“…Or, you know, he could be an arrogant asshole prickface.”
I grunted a laugh, shaking my head.
“Awesome,” I said, loud over the band. “Thanks for that.”
Watching her look at the black-haired guy again, I rolled my eyes, irritated in spite of myself. “Why don’t you go for it, Cass? You clearly think he’s hot. Why not give Jack something real to worry about for a change?”
Turning, she gave me a faintly indignant look, hands on her hips.
“I have a boyfriend,” she said.
“Would serve him right,” I shouted back over the band. “Maybe you forgot… but you told me what he did the other night. With that girl at the bar. He’s an asshole, Cass. He’s not even hiding it anymore. He’s just reveling in his assholery.”
She waved me off, but I saw her mouth tighten.
“He didn’t mean anything by that,” she said.
“He never does,” I muttered.
I took another sip of beer to hide my frown when she looked over at me.
“Doesn’t make him any less of an asshole––” I added, louder.
“––Besides,” Cass cut in, smiling, clearly deciding to ignore my words. “This one’s not my type. I like blonds, remember?”
Her grin widened as she wrapped her cleaver-holding hand and arm around my shoulders. “If I was going to find someone to play with tonight besides Jack, it wouldn’t be a dark broody gothy type with pretty eyes. It would be a hot, hung, kung fu instructor who happens to be between boyfriends…”
I rolled my eyes at the reference to my adopted brother, Jon.
Cass had been crushing on Jon since we were kids.
She couldn’t seem to get it through her head that it was never going to happen.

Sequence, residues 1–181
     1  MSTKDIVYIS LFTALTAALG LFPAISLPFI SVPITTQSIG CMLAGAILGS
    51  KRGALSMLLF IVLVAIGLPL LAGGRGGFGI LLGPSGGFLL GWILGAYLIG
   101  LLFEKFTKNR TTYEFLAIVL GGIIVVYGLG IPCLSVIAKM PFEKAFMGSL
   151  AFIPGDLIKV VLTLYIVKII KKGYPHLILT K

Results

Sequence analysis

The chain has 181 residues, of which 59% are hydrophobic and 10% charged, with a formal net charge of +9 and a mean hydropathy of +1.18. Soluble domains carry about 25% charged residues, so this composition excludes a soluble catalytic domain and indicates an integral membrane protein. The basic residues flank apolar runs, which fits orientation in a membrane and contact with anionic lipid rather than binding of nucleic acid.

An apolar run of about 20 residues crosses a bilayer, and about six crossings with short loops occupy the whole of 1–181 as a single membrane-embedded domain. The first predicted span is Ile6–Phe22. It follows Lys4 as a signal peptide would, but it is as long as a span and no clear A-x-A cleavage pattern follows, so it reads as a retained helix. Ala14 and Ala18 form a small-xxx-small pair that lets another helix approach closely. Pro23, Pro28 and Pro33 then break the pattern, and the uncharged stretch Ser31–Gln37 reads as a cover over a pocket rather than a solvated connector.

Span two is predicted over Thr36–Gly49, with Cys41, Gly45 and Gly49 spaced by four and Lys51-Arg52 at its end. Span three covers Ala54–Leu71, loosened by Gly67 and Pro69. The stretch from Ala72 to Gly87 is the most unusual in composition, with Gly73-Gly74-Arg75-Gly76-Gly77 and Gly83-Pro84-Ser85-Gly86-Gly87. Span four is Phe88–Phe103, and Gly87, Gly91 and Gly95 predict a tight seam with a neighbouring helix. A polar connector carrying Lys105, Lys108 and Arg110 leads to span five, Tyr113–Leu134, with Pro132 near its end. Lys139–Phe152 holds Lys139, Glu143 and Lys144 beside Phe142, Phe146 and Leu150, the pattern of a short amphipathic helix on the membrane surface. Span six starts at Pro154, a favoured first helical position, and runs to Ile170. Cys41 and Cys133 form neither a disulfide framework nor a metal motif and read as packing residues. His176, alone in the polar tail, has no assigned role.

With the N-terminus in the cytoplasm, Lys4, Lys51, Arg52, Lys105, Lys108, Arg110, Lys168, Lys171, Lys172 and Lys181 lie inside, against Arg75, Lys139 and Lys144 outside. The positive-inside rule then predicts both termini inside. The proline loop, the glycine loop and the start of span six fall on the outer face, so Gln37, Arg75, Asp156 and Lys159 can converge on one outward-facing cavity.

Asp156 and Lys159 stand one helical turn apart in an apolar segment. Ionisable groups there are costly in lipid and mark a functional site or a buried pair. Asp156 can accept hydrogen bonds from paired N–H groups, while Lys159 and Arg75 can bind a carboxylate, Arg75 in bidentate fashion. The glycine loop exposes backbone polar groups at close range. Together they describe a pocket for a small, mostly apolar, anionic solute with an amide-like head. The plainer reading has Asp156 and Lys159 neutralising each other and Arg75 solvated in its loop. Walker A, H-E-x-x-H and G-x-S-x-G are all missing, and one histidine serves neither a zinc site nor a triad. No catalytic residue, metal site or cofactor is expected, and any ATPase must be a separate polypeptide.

For a lot of reasons.
“Jon’s gay, Cassie,” I said, sighing. “We’ve both known Jon was gay since we were twelve. Hate to break it to you, but he’s still gay.”
“Cass,” she corrected, frowning deeper. “Don’t call me Cassie. I hate that.”
I fought the impulse to roll my eyes again. “Sorry. Forgot.”
“It’s only been… what? Five years?” she grumbled. “I didn’t even go by Cassie for most of high school.”
Taking a sip of beer, I didn’t answer.
I glanced at Mr. Blue Eyes instead, who’d clearly been watching our back and forth. His eyes shone with overt curiosity, like he was trying to figure out what we were talking about, or maybe like something in the dynamics between us fascinated him.
Either way, he wasn’t bothering to hide his interest at all now.
I was about to drag Cass off to some other corner of the room, maybe just to get a breather from all the staring and silent back and forth… when Mr. Blue Eyes surprised me. Almost as if he knew I was about to leave, he started walking straight toward us, sidestepping a few other groups to reach where me and Cass stood.
I glanced behind me, maybe just to stop staring, but only saw the ugly, shit-brown couch we’d been standing next to for the last twenty or so minutes. Someone had pushed the couch against one wall, presumably to make room for more people. For me and Cass, it had been a reasonably safe spot compared to the chaos by the stage.
The guy with the black hair and the shockingly light blue eyes barely seemed to notice the other partygoers as he passed, no matter how scantily dressed they were. He didn’t seem to notice the people in the nearby dance pit, either.
He walked right up to me.
He moved confidently, like Cass said, almost like we knew each other.
The next thing I knew he was holding out a hand, giving me this killer, sexy smile under disheveled black hair. I admit, I felt that smile and the light of his blue eyes somewhere pretty far south of my brain.
Cass was right.
I did have a thing for dark-haired guys.
“Hey,” he said, right as I took his hand. “…I’m Jaden.”